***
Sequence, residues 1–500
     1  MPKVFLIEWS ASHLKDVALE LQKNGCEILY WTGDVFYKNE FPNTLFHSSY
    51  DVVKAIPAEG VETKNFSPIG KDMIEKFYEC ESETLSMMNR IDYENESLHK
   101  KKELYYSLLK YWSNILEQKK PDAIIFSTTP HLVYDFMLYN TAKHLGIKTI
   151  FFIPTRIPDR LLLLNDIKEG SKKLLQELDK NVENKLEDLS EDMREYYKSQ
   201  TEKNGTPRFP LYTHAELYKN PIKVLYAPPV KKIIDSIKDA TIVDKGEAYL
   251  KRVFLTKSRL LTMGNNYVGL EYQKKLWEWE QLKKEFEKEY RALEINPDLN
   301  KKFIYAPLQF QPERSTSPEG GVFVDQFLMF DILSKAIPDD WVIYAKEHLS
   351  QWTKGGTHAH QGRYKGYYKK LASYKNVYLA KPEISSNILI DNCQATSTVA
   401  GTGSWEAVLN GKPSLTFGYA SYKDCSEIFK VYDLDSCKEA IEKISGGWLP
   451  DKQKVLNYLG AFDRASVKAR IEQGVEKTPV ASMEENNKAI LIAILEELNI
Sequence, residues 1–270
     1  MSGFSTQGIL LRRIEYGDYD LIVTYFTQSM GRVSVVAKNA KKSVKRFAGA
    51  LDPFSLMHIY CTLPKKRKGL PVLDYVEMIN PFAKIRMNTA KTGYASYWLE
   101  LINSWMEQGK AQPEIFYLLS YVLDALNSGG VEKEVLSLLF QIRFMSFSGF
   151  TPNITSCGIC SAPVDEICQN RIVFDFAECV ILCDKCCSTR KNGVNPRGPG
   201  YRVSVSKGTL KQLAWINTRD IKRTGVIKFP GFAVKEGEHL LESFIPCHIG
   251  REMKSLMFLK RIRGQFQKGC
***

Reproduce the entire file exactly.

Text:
Sequence, residues 1–500
     1  MPKVFLIEWS ASHLKDVALE LQKNGCEILY WTGDVFYKNE FPNTLFHSSY
    51  DVVKAIPAEG VETKNFSPIG KDMIEKFYEC ESETLSMMNR IDYENESLHK
   101  KKELYYSLLK YWSNILEQKK PDAIIFSTTP HLVYDFMLYN TAKHLGIKTI
   151  FFIPTRIPDR LLLLNDIKEG SKKLLQELDK NVENKLEDLS EDMREYYKSQ
   201  TEKNGTPRFP LYTHAELYKN PIKVLYAPPV KKIIDSIKDA TIVDKGEAYL
   251  KRVFLTKSRL LTMGNNYVGL EYQKKLWEWE QLKKEFEKEY RALEINPDLN
   301  KKFIYAPLQF QPERSTSPEG GVFVDQFLMF DILSKAIPDD WVIYAKEHLS
   351  QWTKGGTHAH QGRYKGYYKK LASYKNVYLA KPEISSNILI DNCQATSTVA
   401  GTGSWEAVLN GKPSLTFGYA SYKDCSEIFK VYDLDSCKEA IEKISGGWLP
   451  DKQKVLNYLG AFDRASVKAR IEQGVEKTPV ASMEENNKAI LIAILEELNI
Sequence, residues 1–270
     1  MSGFSTQGIL LRRIEYGDYD LIVTYFTQSM GRVSVVAKNA KKSVKRFAGA
    51  LDPFSLMHIY CTLPKKRKGL PVLDYVEMIN PFAKIRMNTA KTGYASYWLE
   101  LINSWMEQGK AQPEIFYLLS YVLDALNSGG VEKEVLSLLF QIRFMSFSGF
   151  TPNITSCGIC SAPVDEICQN RIVFDFAECV ILCDKCCSTR KNGVNPRGPG
   201  YRVSVSKGTL KQLAWINTRD IKRTGVIKFP GFAVKEGEHL LESFIPCHIG
   251  REMKSLMFLK RIRGQFQKGC